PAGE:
Uruguay became the first country on Tuesday to legalize the cultivation, distribution and consumption of marijuana.
The Senate approved the bill by 16 to 13.
The new law aims to take business and control of the drug away from drug traffickers but critics say it will lead to greater consumption and open the door to harder substances.
Senator Roberto Conde addressed the Senate, saying: “The problems with consumption don’t come from the regulation the law establishes. The law establishes this regulation for the very purpose of facing the negative consequences marijuana consumption has on our society.”
A crowd gathered outside Congress to support the new legislation.
From April, users will be able to buy marijuana over the counter from licensed pharmacies. They must be over 18 and registered on a government database that will monitor their purchases.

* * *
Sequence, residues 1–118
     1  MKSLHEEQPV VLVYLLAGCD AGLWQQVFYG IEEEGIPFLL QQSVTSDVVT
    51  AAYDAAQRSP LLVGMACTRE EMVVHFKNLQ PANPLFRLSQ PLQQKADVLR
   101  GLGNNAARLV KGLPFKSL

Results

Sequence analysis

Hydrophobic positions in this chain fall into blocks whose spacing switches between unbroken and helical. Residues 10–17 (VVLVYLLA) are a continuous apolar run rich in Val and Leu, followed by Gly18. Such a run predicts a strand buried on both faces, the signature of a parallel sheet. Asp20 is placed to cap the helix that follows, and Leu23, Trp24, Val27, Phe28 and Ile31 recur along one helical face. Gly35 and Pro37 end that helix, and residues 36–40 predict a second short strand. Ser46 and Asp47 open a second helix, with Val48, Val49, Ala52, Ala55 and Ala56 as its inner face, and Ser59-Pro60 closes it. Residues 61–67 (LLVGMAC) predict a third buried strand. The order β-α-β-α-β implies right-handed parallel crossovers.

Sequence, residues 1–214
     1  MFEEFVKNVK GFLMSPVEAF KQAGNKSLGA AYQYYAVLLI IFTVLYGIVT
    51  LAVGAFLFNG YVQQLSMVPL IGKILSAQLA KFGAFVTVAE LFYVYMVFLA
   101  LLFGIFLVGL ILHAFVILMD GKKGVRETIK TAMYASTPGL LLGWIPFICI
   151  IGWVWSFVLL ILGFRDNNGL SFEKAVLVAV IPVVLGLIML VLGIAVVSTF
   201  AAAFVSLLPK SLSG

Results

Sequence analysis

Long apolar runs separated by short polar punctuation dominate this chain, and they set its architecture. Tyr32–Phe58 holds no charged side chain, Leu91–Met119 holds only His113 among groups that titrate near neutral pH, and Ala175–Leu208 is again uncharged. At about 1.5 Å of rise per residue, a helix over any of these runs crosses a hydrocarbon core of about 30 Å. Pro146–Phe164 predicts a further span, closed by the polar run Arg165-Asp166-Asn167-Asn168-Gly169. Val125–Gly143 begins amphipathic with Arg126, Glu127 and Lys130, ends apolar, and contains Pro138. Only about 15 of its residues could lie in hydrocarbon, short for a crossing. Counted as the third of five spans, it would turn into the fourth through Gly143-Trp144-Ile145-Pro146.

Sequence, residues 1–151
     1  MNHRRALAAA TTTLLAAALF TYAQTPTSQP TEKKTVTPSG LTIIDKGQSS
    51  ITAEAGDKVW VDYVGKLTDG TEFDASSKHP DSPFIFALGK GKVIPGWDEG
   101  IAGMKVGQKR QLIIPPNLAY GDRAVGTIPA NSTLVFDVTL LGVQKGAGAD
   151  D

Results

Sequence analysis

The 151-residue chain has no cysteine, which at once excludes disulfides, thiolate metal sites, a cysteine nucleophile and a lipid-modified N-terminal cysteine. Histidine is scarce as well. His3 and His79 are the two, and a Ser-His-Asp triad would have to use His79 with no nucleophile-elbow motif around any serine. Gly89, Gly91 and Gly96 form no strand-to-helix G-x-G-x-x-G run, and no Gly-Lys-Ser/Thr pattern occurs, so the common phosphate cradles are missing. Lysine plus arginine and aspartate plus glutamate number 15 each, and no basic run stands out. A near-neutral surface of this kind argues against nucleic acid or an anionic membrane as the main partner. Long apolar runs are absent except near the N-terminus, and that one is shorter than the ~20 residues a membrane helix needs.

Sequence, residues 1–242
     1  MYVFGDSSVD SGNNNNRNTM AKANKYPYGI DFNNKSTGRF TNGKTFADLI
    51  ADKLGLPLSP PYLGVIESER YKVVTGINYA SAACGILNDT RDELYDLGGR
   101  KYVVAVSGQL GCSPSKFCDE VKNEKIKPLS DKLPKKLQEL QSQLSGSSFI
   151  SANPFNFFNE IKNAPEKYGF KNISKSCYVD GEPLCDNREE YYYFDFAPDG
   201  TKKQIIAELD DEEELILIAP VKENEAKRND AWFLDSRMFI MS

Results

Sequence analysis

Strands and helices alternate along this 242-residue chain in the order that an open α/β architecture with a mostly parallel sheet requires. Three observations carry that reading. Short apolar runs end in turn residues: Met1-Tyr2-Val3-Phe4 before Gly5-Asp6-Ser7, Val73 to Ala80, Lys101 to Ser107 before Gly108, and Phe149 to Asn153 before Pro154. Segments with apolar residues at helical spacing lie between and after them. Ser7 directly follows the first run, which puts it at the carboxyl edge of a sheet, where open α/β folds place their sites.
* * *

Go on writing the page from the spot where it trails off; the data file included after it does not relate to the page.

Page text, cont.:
Pro-legislation campaigner, Martin Collazo, spoke to euronews: “Today is a historic day, not only for Uruguay, but the whole world. Uruguay is the first country to regulate the marijuana market. There is a big stake now for social organisations to continue working for the efficiency of this programme. But today, above all, is a day of celebration, as you can see from the people outside the legislative palace.”
Countries like the Netherlands have already decriminalised cannabis. But Uruguay is the first to legalise the whole chain from growing the plant to buying and selling its leaves. Other nations are watching closely to see if the novel approach works.